These are graded. Given the issues everyone had, I graded these pretty much just on submission. If all the pieces were there you got full points. For the most part, everyone did a good objective and your tours turned out fine.
You should have received an email with a link to complete course evaluations. If not, you can complete the course evaluations online at the following link: https://aims.campuslabs.com/courseeval. Wed, Dec 4th is the last day to do evaluations. They are not released to faculty until after final grades are posted.
Don’t forget that your final is due this Thursday by 5:00pm. You turn it in by adding your lesson plan to the wiki. You need to request access to create a page so be sure to do that soon. Also, if you are having issues editing the wiki then you might want to check out some tutorials. Here is a link to some on the Wikispaces site.
To make your page you first need to add a page. Just click the plus sign next to “pages and files” on the left sidebar.
In order to see the sidebar and the editing tools you first need to turn them on. To do that, click the little icon on the left of the user bar (the one with your login name). It looks like 3 rectangles and in highlighted in red in the image below. Click it and the edit tools will turn on.
Once the edit tools are turned on you should see the “edit” button like in the image below.
Several people did not post a link to their blog. Please do so before Thursday if you want credit. If I overlooked yours then just let me know.
We will not have another face-to-face meeting this semester. Thanks for being a fun class. Don’t forget to complete course evaluations. They are online.
There is no class on 12/5 (nor Thanksgiving obviously). Turn in your final assignment by editing and adding it to the wiki. If you have questions feel free to email me. You need to register and ask to join the wiki in order to edit. If you fail to gain access you will not be able to submit your final. The final is 30% of your grade and you are unlikely to pass if it’s not turned in. If you cannot add your page to the wiki for whatever reason, email it to me. I’ll accept it but there will be a 10% reduction for not following the directions but much better than a zero.
If anyone has missing work and I have discussed or emailed you with a plan for submitting it you need to do that before 12/5. Missing work will become a zero and have a huge impact on your grade. It only takes a few zeros to end up failing (although a few missing discussion posts alone won’t sink you).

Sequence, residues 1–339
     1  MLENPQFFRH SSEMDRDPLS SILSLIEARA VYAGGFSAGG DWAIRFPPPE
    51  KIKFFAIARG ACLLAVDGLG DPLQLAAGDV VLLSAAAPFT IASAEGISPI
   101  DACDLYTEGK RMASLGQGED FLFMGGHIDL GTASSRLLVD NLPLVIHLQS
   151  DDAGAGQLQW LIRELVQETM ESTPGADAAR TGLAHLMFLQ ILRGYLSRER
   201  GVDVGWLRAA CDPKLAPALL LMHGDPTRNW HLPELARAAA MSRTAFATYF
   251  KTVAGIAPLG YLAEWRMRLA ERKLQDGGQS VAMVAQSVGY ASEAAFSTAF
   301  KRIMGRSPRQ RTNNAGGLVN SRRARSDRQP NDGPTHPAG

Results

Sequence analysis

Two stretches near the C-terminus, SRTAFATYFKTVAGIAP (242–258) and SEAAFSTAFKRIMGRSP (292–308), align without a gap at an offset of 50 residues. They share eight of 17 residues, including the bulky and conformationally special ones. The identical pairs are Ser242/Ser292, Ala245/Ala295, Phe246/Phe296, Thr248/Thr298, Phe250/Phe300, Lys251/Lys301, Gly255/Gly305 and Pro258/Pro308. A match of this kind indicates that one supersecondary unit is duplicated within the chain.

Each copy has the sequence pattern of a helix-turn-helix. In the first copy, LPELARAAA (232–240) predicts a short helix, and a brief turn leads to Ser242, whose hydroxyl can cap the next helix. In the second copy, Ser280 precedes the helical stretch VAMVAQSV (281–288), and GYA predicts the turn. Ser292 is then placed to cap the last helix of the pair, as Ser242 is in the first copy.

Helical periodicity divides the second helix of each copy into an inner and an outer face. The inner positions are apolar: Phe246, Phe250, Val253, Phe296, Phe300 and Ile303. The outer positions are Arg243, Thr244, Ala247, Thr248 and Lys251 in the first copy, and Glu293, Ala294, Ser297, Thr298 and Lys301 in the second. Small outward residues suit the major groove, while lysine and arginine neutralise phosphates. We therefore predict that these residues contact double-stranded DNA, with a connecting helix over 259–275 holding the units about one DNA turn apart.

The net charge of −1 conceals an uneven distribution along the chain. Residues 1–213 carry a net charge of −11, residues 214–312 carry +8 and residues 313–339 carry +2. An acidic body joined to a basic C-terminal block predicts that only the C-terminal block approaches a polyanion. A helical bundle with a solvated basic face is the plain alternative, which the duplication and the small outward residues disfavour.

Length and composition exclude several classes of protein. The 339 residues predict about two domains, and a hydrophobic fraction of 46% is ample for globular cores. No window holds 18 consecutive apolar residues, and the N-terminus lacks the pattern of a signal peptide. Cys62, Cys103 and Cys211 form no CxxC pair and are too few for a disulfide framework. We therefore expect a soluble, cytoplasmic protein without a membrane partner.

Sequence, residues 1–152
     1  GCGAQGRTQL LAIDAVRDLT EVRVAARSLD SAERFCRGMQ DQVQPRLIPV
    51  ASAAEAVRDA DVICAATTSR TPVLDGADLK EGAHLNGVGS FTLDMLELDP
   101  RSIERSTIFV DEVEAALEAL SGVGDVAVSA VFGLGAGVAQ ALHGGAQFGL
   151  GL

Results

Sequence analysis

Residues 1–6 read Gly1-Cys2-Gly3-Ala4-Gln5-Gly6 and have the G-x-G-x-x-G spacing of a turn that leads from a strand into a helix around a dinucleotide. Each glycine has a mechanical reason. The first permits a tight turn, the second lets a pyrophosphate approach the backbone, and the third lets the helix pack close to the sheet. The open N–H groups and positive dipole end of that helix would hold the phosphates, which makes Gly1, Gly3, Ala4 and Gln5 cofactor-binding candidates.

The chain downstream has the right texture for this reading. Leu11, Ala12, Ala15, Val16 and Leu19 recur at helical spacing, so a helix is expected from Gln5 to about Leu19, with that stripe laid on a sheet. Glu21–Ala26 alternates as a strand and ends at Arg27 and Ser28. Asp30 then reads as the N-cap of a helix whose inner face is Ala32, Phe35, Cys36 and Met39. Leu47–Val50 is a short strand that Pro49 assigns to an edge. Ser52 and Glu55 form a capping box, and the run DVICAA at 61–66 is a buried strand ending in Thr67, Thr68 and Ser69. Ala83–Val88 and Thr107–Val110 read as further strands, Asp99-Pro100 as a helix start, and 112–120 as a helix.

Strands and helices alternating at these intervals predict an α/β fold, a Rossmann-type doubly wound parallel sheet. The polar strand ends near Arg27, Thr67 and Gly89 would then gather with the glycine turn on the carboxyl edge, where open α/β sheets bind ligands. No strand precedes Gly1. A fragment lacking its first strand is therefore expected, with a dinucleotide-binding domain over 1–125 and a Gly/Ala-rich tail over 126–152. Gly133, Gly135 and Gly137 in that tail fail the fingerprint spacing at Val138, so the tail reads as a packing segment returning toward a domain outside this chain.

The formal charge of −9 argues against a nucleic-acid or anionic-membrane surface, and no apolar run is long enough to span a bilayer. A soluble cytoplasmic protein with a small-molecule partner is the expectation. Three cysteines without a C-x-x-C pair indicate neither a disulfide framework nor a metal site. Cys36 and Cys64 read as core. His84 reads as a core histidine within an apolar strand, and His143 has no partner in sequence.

As always, email me if you have questions.
Aims asked that I share this with you. See the attached flyer.
In addition to your academic transcript, Aims also issues C0-CURRICULAR TRANSCRIPS that outline your involvement with:
- Student Clubs and Organizations
- Community Service Projects
- Awards and Honors
- Leadership and Professional Development
- Recognized Scholarships
Your involvement in clubs and organizations like PTK can really enhance your employment opportunities.
I found this article on starting a Life Hacker club which is interesting in it’s own right, but I think it also has implications for 21st century teaching. The “what do you want your kids to do with technology?” chart does a good job of summing up some of what I hope you learned during this class. Maybe it can help guide you as you think about your final project.
NOTE: There is no class on 12/5 (nor Thanksgiving). Turn in your assignment by editing and adding it to the wiki. If you have questions feel free to email me.
The assignment write up is somewhat long so it’s available via a shared Google Doc.
All work will be submitted to a wiki.
- Access the wiki and create an account
- Select a standard and write an objective.
- Write up a short summary or abstract of a lesson idea around your objective.
- Explore a variety of technology tools that might “add value” to this lesson idea
- Select a tool and spend some time to learn its ins and outs.
- Create a wiki page with information on the lesson, the tech, etc. (see the assignment for the details).
Accessing the Wiki:
We are using a site called Wikispaces for this project. Part of the reason is to give you some experience with wikis and partly so we can share ideas. To access the wiki go to the site below and create an account. Once you have an account you can “request access” to the wiki. I will approve you and after that you will be able to add and edit content. I have included one example from a previous class. The sooner you get access the better.
Here is an example lesson from a different but similar project
This optional but reading and participating is extra credit. However, I’d encourage you to read it as I think you will find it interesting. You might even enjoy the whole book.